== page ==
The 2020 POY, a magnificent tribute to the original 9BC created by K&P for Rogers Imports Ltd., got me thinking about the importance of the number 9 in John Lennon’s lyrics and life, and one thing led to another as I pondered Peterson pipe specialist Giacomo Penzo’s brilliant evocation of the original 9BC and I couldn’t help but imagine Lennon as a Peterson System man. There’s no doubt that if Lennon had smoked a pipe, it would’ve been the 9S. The one between his lips was originally seen on the cover the 1965 K&P catalog. (And if you haven’t seen Peter Jackson’s Get Back yet, I urge you to do so as soon as possible.)
VI. “Hopkins does the Watusi”
The Sherlock Holmes Hopkins pipe, from the now-deleted Adventures of SH quartet, is absolutely the most whimsical pipe K&P has ever released. It’s massive, smacks of Rene Magritte, is difficult to hold, and guaranteed to raise a smile every time I take it from the rack. I caught it on film doing the Watusi when it thought I wasn’t looking.
VII. “The Game is Afoot”
As this year’s POY has taught the pipe-smoking world, Peterson and Sherlock Holmes are inseparable. I always raise my highbrows when someone lightly dismisses or disparages Conan Doyle’s Great Detective—or Tolkien’s Ring, for that matter. Those who’ve never read the books simply have no idea. This photo was created for the thirtieth anniversary of the Baskerville, the second release in the original set of SH pipes and one of my all-time favorite shapes. It’s an incredible smoker, easy to clench and hold in the hand and delivers a great, full evening of pipe smoke.
VIII. “Poppa Tom”
When my father passed away two years ago, his pipes dispersed to my nieces and nephews before I even knew what was happening. When I was going through a chest several weeks later to help my Mom pack for the move to my sister’s house, I found his 301 System Blast, perhaps his favorite pipe.
This short dutch (I can never call it a “bent pot”—how unIrish!) is a perfect example of the evolution of the Peterson house style. It was seen first in the 1979 catalog and with its original wide stem is one of the great shapes in the catalog.
My Dad was at his happiest when he was in the garage solving mechanical problems from underneath his latest project car—most often a British sports car, but he wasn’t that particular. He called one night and said he’d bounced his favorite Pete while smoking it on the garage floor—it was his 301 sandblast, and it had a crack in the bottom of the bowl: could he still smoke it? I told him of course, it’s a Pete. But he put it away and later I brought him another, almost identical. The crack in the original is just a hairline, about two inches long, and as you can see, he loved smoking his pipes and not so much cleaning them. Scottish Mixture was his favorite tobacco for decades, until during the last decade or so of his life he discovered that the high nicotine-punch of Cornell & Diehl’s Bayou Morning helped him focus. There’s nothing quite as sacred as smoking pipes with your Dad.
IX. “Trom Dubh”
For a few years I enjoyed doing an April Fool’s Day post, just to see how many people might think what I was announcing was legitimate. The first year, K&P got phone calls requesting the pipes I had dreamed up. I got an email from Sallynoggin and well, they were dealing with it didn’t think it was quite as funny as I did. I wasn’t too upset about it. Anyway, this imaginary strut card for the “Trom Dubh” (which means Heavy Black) featured a quartet of some of the most muscular (or fattest, depending on your perspective) shapes in the catalog: the XL02, 107, 9BC and 999 John Bull. The idea was to use a black anodized band and smooth ebony finish and sort of channel the eight-string guitars used by djent prog metal bands. The spectacular background is of the basalt pillars at Giant’s Causeway in Northern Ireland, from a photo I took in 2013.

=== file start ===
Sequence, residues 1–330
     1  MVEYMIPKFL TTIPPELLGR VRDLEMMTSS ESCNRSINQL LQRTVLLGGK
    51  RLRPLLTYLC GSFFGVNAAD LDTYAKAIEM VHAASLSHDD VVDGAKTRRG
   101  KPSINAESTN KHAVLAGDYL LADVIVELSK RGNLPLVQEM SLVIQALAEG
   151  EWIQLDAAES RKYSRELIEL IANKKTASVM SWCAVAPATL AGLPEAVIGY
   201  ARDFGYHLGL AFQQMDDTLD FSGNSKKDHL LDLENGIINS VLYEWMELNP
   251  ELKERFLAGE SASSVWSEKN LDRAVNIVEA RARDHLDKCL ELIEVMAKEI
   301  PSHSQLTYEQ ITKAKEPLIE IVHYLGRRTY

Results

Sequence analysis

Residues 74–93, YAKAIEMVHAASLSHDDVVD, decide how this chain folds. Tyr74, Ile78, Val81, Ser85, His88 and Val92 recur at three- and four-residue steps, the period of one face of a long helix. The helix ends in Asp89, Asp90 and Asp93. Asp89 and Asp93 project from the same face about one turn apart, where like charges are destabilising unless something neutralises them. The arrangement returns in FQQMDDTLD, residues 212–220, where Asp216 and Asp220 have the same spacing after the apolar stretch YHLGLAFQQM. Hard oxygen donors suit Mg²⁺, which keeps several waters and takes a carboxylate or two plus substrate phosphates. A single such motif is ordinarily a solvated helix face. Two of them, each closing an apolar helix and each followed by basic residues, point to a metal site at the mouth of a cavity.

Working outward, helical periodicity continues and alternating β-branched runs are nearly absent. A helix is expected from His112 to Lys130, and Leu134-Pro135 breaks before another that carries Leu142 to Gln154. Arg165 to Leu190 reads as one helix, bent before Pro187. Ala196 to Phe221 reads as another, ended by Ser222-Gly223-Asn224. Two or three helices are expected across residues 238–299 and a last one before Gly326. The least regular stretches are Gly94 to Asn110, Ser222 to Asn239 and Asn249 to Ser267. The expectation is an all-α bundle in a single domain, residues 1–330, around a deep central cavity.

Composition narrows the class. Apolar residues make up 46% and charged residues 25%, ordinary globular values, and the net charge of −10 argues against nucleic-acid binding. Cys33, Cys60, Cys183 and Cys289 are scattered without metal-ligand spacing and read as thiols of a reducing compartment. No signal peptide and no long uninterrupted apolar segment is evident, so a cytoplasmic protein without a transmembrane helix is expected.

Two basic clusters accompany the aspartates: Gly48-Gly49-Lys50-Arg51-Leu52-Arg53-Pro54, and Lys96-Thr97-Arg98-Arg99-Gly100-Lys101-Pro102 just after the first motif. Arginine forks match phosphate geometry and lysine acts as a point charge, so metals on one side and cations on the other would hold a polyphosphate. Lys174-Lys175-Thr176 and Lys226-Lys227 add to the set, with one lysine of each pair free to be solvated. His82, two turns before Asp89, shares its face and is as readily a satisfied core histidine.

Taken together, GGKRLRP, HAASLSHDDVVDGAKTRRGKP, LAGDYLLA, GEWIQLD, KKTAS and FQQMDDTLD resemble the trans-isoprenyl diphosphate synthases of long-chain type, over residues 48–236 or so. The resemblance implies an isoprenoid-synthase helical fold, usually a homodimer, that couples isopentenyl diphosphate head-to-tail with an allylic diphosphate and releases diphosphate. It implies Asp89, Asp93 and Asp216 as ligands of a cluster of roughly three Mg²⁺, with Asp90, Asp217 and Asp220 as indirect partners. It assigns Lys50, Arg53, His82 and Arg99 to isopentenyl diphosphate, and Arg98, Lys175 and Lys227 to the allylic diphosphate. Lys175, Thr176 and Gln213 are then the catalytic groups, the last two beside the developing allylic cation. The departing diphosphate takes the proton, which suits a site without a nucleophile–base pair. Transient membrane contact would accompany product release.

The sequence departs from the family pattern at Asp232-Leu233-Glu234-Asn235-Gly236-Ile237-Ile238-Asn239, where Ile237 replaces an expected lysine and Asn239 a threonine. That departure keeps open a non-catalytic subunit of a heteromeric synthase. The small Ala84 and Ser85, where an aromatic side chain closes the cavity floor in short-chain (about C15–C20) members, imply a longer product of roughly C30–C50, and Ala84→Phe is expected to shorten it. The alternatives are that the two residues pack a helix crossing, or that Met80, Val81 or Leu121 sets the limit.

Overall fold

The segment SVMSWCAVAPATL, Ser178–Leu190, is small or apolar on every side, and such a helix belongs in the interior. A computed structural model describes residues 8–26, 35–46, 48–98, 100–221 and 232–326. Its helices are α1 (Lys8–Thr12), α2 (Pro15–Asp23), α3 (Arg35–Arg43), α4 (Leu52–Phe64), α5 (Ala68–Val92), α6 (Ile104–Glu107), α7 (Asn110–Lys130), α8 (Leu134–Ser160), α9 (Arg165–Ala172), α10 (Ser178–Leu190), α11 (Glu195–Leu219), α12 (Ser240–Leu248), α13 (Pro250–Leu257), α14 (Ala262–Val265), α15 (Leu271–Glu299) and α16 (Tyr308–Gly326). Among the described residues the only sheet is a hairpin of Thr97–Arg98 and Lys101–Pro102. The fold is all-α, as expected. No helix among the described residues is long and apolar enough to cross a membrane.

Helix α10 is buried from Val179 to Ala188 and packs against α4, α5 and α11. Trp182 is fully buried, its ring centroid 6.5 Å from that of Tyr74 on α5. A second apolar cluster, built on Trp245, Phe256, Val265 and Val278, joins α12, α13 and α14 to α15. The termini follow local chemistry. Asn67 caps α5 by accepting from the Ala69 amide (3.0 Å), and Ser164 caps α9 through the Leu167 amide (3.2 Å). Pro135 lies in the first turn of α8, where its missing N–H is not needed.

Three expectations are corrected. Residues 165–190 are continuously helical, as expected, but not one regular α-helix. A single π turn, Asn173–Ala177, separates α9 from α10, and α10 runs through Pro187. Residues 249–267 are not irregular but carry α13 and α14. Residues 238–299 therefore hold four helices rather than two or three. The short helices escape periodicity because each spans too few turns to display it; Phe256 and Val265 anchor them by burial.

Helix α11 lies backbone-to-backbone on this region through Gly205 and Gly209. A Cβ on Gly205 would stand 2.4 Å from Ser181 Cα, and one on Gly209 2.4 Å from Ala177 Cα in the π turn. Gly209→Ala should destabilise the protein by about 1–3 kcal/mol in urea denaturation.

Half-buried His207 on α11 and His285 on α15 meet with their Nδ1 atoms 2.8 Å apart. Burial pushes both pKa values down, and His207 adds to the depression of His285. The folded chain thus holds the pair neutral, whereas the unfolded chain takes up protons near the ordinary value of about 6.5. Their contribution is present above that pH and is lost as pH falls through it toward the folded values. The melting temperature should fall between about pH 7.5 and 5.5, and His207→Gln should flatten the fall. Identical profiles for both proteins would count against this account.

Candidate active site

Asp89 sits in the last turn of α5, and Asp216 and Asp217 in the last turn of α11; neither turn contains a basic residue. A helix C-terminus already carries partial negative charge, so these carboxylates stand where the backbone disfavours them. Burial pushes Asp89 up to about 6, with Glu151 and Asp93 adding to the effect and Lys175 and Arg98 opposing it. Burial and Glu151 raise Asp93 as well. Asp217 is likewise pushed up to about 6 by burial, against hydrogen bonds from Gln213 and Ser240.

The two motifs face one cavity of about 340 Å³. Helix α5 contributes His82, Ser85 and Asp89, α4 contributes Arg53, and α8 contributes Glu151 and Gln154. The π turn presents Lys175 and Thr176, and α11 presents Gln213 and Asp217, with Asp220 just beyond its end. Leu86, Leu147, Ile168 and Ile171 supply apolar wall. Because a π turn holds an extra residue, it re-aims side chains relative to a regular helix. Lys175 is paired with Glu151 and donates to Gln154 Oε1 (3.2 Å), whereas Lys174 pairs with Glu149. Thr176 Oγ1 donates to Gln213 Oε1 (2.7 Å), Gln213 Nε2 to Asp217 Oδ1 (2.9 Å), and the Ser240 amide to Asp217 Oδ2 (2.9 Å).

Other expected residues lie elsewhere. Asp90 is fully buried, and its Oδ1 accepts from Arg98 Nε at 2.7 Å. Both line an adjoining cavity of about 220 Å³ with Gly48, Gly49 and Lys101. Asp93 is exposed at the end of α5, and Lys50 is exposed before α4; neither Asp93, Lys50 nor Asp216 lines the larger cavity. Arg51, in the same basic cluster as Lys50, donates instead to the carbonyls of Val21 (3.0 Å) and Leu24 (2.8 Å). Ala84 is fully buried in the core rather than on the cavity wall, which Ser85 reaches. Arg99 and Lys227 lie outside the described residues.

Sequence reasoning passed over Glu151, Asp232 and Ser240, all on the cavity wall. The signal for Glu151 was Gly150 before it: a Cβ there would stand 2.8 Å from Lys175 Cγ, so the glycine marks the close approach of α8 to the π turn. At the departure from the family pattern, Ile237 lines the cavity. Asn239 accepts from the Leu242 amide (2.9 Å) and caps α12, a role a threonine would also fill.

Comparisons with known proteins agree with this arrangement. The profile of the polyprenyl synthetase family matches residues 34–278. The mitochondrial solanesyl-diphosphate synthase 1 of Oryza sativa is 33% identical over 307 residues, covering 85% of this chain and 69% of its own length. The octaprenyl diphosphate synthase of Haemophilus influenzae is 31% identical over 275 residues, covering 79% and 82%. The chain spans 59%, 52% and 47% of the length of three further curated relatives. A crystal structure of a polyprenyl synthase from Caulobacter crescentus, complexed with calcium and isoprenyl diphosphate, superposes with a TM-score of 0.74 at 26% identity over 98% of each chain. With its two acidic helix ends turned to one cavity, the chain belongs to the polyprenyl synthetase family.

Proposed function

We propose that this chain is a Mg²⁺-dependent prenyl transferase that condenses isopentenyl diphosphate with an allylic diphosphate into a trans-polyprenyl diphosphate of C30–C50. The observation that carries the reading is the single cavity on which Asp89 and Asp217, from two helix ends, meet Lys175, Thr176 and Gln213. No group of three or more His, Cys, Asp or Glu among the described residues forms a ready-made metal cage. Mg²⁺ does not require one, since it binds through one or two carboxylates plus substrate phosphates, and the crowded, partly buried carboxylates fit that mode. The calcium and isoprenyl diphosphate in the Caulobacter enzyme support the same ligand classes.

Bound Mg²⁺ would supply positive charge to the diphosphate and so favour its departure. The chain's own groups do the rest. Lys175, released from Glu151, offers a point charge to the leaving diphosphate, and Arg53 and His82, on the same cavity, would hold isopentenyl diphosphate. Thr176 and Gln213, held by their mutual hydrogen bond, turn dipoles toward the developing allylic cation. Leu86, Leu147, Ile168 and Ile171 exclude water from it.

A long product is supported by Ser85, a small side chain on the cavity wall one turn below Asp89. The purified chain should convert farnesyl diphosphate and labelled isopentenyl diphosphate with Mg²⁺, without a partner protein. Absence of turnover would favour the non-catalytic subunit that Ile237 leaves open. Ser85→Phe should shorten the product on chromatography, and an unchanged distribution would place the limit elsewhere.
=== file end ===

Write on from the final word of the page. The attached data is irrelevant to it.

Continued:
X. “Remembrance of Things Past”
Bokeh is one of my favorite things in photography. This is from the set of photos I did for the 2019 Chicago Pipe Show of my co-author Gary Malmberg’s one-in-a-lifetime collection of vintage Petes, which we displayed that year. The dutch billiard meer dates from the Kapp Bros. period, after Frederick Kapp died and before his son Alfred and Charles Peterson changed the name of the business to Kapp & Peterson. Sometimes you just get lucky.
XI. “Giacomo’s Revolution 9”
I have always delighted in contexts and paradoxes, believing that either/or thinking sooner or later has to be superseded by non-dual thinking for the heart to grow. So when I was doing a second take of the POY 2020 / 9BC, I ran across a very brainy explication of one of my all-time favorite Beatles tracks, the hallucinatory “Revolution 9” from The Beatles [White Album]. It seemed like the perfect juxtaposition.
XII. “Key of Heaven”
I’ve been at work for a few years now on a book which is inspired by the Rev. Arthur D. Yunker’s Toward A Theology of Pipe Smoking and looks at pipe smoking through the lens of historical fiction as a legitimate avenue of contemplative practice. The pipe seen above is somehow linked with that project for me. It was a gift from K&P and Laudisi not long after the re-introduction of sandblasting in the factory. The NAP replica project had gotten under way and someone at the factory found the NAP amber stem. Needless to say, this 313 NAP System is one of the most treasured pipes in my rotation.
XIII. “Ceci ne’st pas une K & P. ”
Inspired by Rene Magritte’s Ceci n’est pas une pipe, this is a slightly revised version of the very first blog post banner from March 26, 2014. Magritte’s work and hermeneutic were an inspiration all the way back to my college days, when my friends and I “published” Pipeman’s Quarterly: For Pipe & Coffee Connoisseurs. The illustration seemed appropriate to note the passing of shape 4 (the 309) from the catalog and now its temporary reemergence as the incredible POY 2021. Then as now I find something very compelling about a well-beloved pipe, one that shows high mileage and considerable wear.
We shall not cease from exploration
And the end of all our exploring
Will be to arrive where we started
And know the place for the first time.
—T. S. Elliot, “Little Gidding”